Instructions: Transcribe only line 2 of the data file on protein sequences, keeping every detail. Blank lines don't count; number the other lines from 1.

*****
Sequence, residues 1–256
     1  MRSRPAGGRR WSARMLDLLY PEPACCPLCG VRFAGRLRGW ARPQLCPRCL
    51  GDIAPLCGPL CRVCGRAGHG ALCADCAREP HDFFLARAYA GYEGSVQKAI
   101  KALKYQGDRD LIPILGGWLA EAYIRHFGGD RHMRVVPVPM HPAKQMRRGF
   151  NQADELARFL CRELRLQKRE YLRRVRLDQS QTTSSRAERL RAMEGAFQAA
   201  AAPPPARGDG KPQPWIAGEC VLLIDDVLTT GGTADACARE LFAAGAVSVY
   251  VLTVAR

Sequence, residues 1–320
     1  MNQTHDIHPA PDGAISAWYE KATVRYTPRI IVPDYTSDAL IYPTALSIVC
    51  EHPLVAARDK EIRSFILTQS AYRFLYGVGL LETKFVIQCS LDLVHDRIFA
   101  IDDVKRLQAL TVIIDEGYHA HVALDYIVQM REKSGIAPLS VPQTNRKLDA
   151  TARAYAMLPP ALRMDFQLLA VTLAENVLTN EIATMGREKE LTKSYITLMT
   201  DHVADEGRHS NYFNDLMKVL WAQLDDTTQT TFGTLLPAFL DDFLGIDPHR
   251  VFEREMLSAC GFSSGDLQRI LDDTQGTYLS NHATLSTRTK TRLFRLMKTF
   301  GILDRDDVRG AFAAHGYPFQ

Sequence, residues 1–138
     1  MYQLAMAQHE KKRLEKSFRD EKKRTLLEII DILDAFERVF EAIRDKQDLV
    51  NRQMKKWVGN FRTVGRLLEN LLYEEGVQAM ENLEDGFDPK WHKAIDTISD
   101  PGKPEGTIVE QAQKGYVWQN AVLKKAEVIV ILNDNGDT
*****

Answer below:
     1  MRSRPAGGRR WSARMLDLLY PEPACCPLCG VRFAGRLRGW ARPQLCPRCL